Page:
Gerald Durrell wrote a letter to seal in a time capsule, and he said:
"The world is to us what the Garden of Eden was supposed to be to Adam and Eve. Adam and Eve were banished, but we are banishing ourselves from our Eden. The difference is that Adam and Eve had somewhere else to go. We have nowhere else to go. We hope that by the time you read this you will have at least partially curtailed our reckless greed and stupidity. If we have not, at least some of us have tried. … All we can say is learn from what we have achieved, but above all learn from our mistakes, do not go on endlessly like a squirrel in a wheel committing the same errors hour by hour day by day year after year century after century as we have done up to now. We hope that there will be fireflies and glow-worms at night to guide you and butterflies in hedges and forests to greet you. We hope that there will still be the extraordinary varieties of creatures sharing the land of the planet with you to enchant you."
Gerald Durrell was a zoologist and writer Gerald Durrell and was born in Jamshedpur, India, in 1925. He loved animals. From the Writer's Almanac:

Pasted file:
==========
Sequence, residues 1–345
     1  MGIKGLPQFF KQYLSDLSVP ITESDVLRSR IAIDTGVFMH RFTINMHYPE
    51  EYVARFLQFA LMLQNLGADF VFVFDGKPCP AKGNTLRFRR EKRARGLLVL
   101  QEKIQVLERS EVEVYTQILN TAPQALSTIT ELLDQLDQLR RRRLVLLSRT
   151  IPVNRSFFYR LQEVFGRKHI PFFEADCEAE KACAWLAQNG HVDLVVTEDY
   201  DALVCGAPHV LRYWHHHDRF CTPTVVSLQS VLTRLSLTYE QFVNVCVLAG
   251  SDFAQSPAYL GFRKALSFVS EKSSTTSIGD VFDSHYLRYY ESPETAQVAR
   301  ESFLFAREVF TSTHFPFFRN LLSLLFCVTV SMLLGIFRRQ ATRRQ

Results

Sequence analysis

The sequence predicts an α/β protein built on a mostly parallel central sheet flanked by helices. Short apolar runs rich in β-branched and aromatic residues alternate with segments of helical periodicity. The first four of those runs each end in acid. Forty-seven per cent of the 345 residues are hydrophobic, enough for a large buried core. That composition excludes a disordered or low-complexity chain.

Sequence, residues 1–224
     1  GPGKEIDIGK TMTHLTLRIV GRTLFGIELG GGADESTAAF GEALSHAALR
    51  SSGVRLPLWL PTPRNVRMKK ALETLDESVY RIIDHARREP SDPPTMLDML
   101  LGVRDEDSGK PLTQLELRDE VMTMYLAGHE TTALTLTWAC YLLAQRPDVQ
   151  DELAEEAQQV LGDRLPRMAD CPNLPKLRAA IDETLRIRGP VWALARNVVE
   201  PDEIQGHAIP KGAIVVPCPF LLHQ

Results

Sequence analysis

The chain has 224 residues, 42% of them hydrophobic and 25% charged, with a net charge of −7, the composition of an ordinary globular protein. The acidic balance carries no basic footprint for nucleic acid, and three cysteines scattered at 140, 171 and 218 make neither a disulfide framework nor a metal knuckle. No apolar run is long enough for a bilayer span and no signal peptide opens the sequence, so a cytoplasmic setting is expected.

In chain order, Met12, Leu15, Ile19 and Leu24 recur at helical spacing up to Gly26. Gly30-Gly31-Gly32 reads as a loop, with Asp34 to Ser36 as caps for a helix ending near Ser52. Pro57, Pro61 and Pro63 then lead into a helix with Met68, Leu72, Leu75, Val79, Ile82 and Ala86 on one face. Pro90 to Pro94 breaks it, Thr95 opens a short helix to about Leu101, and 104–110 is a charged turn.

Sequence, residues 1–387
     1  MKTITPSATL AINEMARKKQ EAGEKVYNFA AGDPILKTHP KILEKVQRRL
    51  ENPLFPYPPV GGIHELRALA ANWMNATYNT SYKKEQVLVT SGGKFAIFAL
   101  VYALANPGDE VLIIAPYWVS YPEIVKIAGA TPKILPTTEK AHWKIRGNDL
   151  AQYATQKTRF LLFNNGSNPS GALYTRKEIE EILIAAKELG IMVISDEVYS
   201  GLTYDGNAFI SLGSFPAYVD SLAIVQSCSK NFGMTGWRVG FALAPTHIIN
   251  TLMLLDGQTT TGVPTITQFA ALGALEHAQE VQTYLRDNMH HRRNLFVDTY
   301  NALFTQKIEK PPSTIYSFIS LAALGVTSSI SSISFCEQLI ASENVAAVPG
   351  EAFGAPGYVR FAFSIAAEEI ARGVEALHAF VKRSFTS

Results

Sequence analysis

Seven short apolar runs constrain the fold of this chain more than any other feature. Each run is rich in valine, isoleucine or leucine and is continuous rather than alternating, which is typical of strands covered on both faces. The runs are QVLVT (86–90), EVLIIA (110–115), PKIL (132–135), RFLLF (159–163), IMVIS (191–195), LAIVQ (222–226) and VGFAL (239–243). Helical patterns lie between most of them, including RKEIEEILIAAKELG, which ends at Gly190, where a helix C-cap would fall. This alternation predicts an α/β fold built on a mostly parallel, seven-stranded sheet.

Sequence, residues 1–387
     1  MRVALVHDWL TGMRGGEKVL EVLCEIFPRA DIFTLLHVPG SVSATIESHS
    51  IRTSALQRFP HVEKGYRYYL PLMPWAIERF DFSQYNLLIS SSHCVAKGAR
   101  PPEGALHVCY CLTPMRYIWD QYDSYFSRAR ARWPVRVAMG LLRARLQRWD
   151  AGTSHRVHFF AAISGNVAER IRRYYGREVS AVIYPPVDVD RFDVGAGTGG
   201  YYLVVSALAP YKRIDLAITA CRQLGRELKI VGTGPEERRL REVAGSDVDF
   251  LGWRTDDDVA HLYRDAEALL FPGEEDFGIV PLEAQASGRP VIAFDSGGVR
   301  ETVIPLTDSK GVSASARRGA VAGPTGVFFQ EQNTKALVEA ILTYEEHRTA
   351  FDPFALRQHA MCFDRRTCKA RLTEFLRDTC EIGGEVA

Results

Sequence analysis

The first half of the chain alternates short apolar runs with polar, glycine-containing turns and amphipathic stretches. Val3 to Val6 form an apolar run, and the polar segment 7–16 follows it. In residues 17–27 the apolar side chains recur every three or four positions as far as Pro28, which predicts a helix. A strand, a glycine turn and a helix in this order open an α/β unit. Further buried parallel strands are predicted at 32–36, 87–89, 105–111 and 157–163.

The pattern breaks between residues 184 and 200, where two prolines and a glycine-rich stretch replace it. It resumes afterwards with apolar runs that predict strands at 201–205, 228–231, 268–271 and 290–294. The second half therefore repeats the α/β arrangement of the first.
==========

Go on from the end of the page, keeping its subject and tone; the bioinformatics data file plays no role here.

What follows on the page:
He worked for a while collecting animals for zoos, but his methods clashed with the zoology ideas of the day— he wanted to get rare animals and increase their populations, not just get the showy animals that people would pay a lot of money to see.
His dream was to open a zoo of his own. His older brother, Lawrence Durrell, was a successful novelist, and Lawrence suggested that Gerald should write an autobiography in order to raise money. So in 1953 Gerald published The Overloaded Ark, a huge success in Britain and America, and he went on to write 32 more books, mostly nonfiction, many of them best-sellers, including A Zoo in My Luggage (1960), A Bevy of Beasts (1973), and My Family and Other Animals (1956), a memoir of his childhood.